Whether it is adding healthy habits or subtracting the unhealthy ones, changing our behavior for the better can be really hard. International Mind Body Wellness Day is on the first Tuesday of 2023, and it is the perfect day to start down the path of wellness. Not with all healthy choices and no unhealthy choices, that is impossible. Instead, we can pick one or two very easy actions to begin with to change your world for the better.
Small steps work best, and large ones tend not to work at all, so the first ones should not be so strenuous that they require any more effort than your normal daily activity. Motivating yourself to do a strenuous activity multiple times each week is actually very difficult. Lifting one dumbbell once for the first time is harder than a routine two hour workout, so remember that and give yourself credit, congratulations, or any other reward. The most important thing to remember when beginning is not to try anything you don’t think you can finish. Being able to train so much that you’re too tired to go on comes many months into the process and should be welcome.
The hard part is consistency, which is what makes small steps count as much as big steps. Just one small step one time doesn’t matter, there needs to be a routine. Let’s take a look at some of the first steps to change your life, improve health, and to reliably form healthy habits.
Set the exercise bar so low it’s on the ground
Start exercise with something that doesn’t really require physical effort, just mental effort. Always talk to your doctor before starting an exercise practice, but most will agree that exercise is without a doubt one of the most healthy activities you can add to your life. Your eventual goal should be the US Department of Health and Human Services’ recommendation of 5 exercise sessions a week for 30 minutes each time, but keep in mind they also say “the risk of all-cause mortality begins to decrease even with small additions of moderate-to-vigorous physical activity.”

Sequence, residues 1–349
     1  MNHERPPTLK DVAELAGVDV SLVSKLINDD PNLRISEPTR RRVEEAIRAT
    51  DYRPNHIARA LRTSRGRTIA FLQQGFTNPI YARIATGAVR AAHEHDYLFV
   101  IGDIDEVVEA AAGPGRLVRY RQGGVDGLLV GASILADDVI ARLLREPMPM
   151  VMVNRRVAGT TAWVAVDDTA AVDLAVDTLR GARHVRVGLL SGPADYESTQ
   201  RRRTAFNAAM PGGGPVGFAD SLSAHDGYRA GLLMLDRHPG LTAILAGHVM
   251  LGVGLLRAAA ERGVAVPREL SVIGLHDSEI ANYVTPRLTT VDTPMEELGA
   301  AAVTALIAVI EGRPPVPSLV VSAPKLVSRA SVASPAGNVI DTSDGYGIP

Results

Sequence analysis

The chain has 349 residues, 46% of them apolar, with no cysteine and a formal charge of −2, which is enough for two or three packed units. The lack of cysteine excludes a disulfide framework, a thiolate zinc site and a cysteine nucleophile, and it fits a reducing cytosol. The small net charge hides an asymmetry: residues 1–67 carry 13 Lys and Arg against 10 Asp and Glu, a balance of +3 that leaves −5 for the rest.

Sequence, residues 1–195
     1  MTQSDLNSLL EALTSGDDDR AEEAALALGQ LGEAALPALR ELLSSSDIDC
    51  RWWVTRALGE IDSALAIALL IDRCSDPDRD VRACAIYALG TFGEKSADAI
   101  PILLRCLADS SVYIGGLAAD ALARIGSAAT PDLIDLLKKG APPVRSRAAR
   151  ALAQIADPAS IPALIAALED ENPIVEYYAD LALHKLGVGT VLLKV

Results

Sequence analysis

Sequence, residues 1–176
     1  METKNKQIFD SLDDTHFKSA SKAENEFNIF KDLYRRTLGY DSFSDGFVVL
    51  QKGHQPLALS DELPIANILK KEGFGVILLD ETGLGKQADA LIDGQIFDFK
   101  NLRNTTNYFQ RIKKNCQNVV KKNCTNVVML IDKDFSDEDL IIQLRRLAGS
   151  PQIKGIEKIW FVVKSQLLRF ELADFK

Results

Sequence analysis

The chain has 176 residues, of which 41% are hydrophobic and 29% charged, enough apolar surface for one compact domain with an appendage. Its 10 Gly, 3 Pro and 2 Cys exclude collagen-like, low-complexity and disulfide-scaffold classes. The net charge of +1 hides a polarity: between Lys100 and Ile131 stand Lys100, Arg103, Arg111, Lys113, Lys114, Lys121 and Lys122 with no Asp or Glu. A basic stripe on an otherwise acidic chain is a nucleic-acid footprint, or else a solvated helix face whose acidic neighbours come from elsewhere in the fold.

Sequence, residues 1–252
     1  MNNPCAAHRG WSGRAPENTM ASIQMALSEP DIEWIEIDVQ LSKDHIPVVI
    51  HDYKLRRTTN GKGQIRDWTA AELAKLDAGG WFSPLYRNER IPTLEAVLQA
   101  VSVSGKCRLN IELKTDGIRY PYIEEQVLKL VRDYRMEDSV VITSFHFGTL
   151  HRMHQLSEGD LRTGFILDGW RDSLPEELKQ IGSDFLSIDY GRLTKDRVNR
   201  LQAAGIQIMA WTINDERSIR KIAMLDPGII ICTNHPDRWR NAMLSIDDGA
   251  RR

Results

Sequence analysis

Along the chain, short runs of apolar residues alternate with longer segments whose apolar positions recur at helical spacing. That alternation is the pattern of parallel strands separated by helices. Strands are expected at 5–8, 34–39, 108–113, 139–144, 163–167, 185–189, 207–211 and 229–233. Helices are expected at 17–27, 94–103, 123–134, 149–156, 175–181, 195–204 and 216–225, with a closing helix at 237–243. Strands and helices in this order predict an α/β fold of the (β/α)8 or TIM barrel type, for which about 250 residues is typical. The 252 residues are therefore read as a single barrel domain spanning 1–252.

However, working out is always uncomfortable and often painful. Even people with a steady workout routine feel discomfort and pain, but those sensations are welcome when associated with physical fitness. Getting to a similar mindset is possible for anyone, we just need the right motivation and circumstances to get started. Some workout routines will even start with no weight at all and only add a few pounds each session so you can learn form and practice the routine without hurting yourself. Here’s how you can get going:
- Pick three or so very easy activities like lifting a 5 pound dumbbell once, doing one lunge, walking briskly around a large room once, holding a yoga pose for a count of 10, or reaching down (bending your knees slightly) and touching your toes once. The whole routine should take no more than 2 minutes. This will be your first workout routine.
- Do your routine once a day at least three times over one week, and take a break between workout days to recover. Twice during the week and once on the weekends works, remembering that it should take practically no physical effort, at the beginning all of the effort is mental.
- The second week do the routine two times in a row on three separate days, taking a recovery day between. Pick two weekdays and a weekend day.